Foot and Mouth disease a growing concern

Speaking at Meatco’s open season day, are from the left, Estelle De Bruyn, Vehaka Tjimune, Daniel Motinga, Mandi Smallhorne, Vekuii Rukoro and Goliath Tujendapi. The discussions focused on the importance of livestock with Tujendai talking more specifically about the economic impact of Foot and Mouth disease.

The outbreak of Foot and Mouth disease (FMD) in districts in the North is becoming an ever bigger threat to Namibia’s beef industry. This is after reports of the disease spreading to the Omusati and Kunene North were announced by the Ministry of Agriculture Water and Forestry (MAWF) on Wednesday this week.
Though no outbreaks have been detected in the FMD free and surveillance zones of the country which is south of the Veterinary Cordon Fence various stakeholders in the meat production industry have called on the government to be more vigilant in stopping the spread of the disease.

Speaking at Meatco’s Media open season day also held on Wednesday this week, Goliath Tujendapi, Trade and Strategic Manager at the Namibian Meat Board said FMD is not something that can be tackled by throwing money at it, “We need to understand that FMD is a growing concern not only for farmers and the government but the public as well as it has the potential to affect our economy in a great way. We must not throw money at the problem but be proactive in fighting the disease”.
The Ministry of Agriculture, Water and Forestry together with the Directorate of Veterinary Services, announced this week it has put in place control measures to contain the disease in areas where it has been identified. Futhermore, close surveillance of district not yet affected, is carried out daily.
The ministry advised that animals should be moved only under a veterinary red line movement permit in sealed vehicles and that animals may only be moved into the containment area provided they are quarantined for a minimum of 35 days in an official DVS farm where they will be vaccinated against FMD and lung sickness in case of cattle. In addition, an amount of N$156 million will be availed to the ministry to stop the spread of the disease to other parts of the country and close to 35 surveillance teams have been deployed throughout the Northern Communal Areas.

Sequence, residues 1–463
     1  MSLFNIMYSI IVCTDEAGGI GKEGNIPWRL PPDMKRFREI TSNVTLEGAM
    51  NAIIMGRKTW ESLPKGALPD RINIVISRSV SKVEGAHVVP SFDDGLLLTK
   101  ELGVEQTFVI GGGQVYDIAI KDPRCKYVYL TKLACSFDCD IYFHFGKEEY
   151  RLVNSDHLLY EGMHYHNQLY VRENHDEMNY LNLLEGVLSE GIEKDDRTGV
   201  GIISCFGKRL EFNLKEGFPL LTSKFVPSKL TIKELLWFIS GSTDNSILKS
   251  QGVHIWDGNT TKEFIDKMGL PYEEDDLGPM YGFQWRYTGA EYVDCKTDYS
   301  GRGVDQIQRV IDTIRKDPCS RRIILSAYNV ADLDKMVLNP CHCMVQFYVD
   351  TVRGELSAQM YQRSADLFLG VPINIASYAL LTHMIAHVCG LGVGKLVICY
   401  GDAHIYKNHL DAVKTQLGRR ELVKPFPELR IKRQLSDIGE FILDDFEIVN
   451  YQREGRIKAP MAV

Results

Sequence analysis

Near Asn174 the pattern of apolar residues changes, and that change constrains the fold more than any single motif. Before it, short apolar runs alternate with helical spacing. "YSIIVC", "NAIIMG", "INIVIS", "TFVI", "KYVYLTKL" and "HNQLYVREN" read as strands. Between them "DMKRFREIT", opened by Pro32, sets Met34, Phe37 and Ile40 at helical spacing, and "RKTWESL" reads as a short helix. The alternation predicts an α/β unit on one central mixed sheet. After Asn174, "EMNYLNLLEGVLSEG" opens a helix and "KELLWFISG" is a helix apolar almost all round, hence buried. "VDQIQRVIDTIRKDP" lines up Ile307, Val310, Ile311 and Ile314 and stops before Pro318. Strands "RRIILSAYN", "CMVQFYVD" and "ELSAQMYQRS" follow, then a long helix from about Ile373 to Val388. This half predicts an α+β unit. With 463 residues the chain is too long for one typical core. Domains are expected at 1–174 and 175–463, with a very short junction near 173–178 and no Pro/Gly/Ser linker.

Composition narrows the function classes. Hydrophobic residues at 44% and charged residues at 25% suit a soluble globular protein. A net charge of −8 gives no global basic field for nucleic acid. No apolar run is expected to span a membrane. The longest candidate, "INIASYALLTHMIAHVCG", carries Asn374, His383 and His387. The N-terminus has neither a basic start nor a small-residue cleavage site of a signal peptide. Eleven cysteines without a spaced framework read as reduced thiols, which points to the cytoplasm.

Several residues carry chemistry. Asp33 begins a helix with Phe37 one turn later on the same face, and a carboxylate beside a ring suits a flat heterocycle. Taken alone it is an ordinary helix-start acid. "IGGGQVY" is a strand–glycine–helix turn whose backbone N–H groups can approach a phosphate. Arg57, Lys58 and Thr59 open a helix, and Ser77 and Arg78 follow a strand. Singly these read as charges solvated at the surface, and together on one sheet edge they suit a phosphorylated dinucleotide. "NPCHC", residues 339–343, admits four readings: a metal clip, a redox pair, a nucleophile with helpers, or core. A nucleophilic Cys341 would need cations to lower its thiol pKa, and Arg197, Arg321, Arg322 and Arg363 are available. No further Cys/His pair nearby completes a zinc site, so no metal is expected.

Tujendapi said the disease has a very negative effect on meat exports as traders do not want to trade because of the outbreak. “In the last outbreak we experienced a loss of between N$45 million to N$60 million in just three month due to traders not accepting an un-vaccinated product. Markets do not want to trade when there is such an outbreak so we have learnt the hard way”.
Another speaker at the open season day was Meatco CEO, Advocate Vekuii Rukoro who also stressed the need to control the spread of FMD. “Foot and Mouth disease, if not effectively addressed as it must, will turn into a national disaster of unforeseen proportions. We must effectively address the movement of cattle. Namibia will never be the same if this problem is not addressed” he said.
Rukoro said that Meatco also faces other challenges other than FMD, in that the supply of veld cattle has decreased even more rapidly during the past 23 years with only 53.2% of total throughput secured through traditional producer initiatives such as the feedlot. “We also have concerns regarding operational costs, the quality of cattle, throughput volume and limited markets. We do however have plans to develop more feedlots around the country at Annasruh, at Otavi Pforte, in the Okavango region and a southern feedlot in the Hardap region.”